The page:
payment that was the basis for the reported debt.
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On June 16, 2020, Experian again notified Mountain Run
of the dispute on the debt and described the dispute as “Not
Provide complete ID.”
In its September 14, 2020
notification to Mountain Run, Experian described the dispute as
“Belongs to another individual with same/similar name.
Mountain Run responded to each notification
either the same day or within a few days and each time gave the
response that “Account information accurate as of date
In June 2020, plaintiff sought financing to make his
first big financial purchase, his dream car, a used Range Rover.
However, plaintiff was denied credit.
He was informed that
there was a red flag on his account because of the outstanding
debt in issue.
On June 20, 2020 plaintiff was notified by his
financial institution, Police and Fire Federal Credit Union
(“PFFCU”), that it would not grant a loan to plaintiff for the
PFFCU had previously extended him credit.
notice from PFFCU occurred after Mountain Run had twice been
notified that plaintiff disputed the debt and that Mountain Run
should verify the identification.
At the hearing on damages, plaintiff testified to the
humiliation and embarrassment he felt when he was told at the
car dealership that financing had been denied because of bad
credit and again by his own financial institution with whom he
Case 2:20-cv-05853-HB Document 19 Filed 11/17/21 Page 5 of 12
had consistently made timely student loan payments.
was humiliated after he worked hard and saved up money as a new
attorney to purchase his dream car and had built a rapport with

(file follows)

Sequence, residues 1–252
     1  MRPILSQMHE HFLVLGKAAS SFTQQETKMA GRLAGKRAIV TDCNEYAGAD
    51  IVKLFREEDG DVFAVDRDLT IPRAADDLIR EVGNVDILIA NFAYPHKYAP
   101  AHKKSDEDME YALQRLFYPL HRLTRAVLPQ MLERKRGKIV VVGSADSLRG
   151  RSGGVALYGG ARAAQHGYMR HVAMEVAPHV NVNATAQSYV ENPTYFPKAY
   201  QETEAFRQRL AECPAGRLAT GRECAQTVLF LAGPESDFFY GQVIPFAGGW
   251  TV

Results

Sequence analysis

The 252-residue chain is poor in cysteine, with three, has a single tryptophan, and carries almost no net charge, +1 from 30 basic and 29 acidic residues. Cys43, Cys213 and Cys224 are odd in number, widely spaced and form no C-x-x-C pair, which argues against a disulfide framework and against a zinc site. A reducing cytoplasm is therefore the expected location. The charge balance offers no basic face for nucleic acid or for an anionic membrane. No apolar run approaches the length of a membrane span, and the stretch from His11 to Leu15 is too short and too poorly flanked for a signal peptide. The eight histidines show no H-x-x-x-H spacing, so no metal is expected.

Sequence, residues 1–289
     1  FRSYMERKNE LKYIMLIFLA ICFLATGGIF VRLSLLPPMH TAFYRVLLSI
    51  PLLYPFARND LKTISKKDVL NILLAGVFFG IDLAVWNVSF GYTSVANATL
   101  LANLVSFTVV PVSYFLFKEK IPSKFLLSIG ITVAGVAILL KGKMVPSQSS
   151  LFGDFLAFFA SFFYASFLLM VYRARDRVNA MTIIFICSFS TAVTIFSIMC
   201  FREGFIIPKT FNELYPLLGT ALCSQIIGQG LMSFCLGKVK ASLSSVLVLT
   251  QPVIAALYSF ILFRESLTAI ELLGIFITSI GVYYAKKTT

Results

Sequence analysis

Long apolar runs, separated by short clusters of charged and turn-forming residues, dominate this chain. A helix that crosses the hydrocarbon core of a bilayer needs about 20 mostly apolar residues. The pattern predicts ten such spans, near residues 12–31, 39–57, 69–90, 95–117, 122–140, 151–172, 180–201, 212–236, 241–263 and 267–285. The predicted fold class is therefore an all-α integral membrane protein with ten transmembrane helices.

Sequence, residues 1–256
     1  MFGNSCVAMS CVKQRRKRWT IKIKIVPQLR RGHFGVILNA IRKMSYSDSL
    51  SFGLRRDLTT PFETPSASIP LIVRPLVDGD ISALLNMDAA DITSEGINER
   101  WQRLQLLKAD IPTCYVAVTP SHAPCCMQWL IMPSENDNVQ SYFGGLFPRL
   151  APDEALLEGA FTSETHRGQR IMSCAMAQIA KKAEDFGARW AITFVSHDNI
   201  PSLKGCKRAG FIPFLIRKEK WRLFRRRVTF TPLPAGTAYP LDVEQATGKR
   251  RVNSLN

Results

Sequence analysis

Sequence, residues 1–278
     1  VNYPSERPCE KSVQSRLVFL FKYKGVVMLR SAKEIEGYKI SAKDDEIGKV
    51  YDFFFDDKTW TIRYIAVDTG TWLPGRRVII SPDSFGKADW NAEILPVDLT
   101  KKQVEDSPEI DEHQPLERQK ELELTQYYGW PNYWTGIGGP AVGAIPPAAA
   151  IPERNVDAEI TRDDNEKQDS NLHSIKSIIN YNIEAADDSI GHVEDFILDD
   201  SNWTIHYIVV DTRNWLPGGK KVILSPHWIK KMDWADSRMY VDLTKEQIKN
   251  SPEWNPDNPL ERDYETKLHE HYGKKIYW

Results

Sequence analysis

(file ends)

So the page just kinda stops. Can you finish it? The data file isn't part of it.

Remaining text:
the salesman only to be told his credit was denied.
was distressed by this inaccurate portrayal of who he is to the
salesman and creditors.
Plaintiff made written and oral efforts to contact
Experian and Mountain Run.
Mountain Run, however, failed to
take any steps to resolve the dispute.
This left plaintiff with
feelings of hopelessness and despair as the problem dragged on
after he had done all he could to build a stable financial
situation for himself and to resolve the inaccurate debt on his
Once Mountain Run verified the debt as plaintiff’s for
the third time, he became anxious that, despite his best
efforts, this would never be resolved and that it would continue
to impact him as he tried to move forward as a young adult
making important financial decisions.
Plaintiff wants to buy a
car and a house so that he and Ms. Prince, a schoolteacher, can
get married and start a family in which he, as an attorney,
would be the primary earner.
However, plaintiff feels as if
that part of his life is on hold since he is unable to build up
credit for these major life transitions.
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As a result, plaintiff feels trapped and experiences
this stress in his body through sweating, tightness in his neck,
He has lost sleep over this problem and takes
Aleeve or Tylenol to help with the physical pain.
Plaintiff’s father, Kelly Hutchins, witnessed
plaintiff start to change by becoming stressed and experiencing
headaches and back aches when plaintiff began to challenge this
Plaintiff’s girlfriend, Ms. Prince, saw plaintiff
experience many sleepless nights as he stressed over this debt
and spent much of his free time on the weekends making calls and
writing letters to rectify the matter instead of spending their
rare free time together.
She stated that it has been difficult
for them to move forward because credit is so important as an
Congress passed the FCRA to “promote efficiency in the
nation’s banking system and to protect consumer privacy.”
Cortez v. Trans Union, LLC, 617 F.3d 688, 706 (3d Cir. 2010).
The FCRA prohibits a person2 from furnishing information to a
consumer reporting agency if that person knows the information
is inaccurate and also requires that the person conduct an
A “person” as defined in the FCRA includes, in part, “any
individual, partnership, [or] corporation.” 15 U.S.C.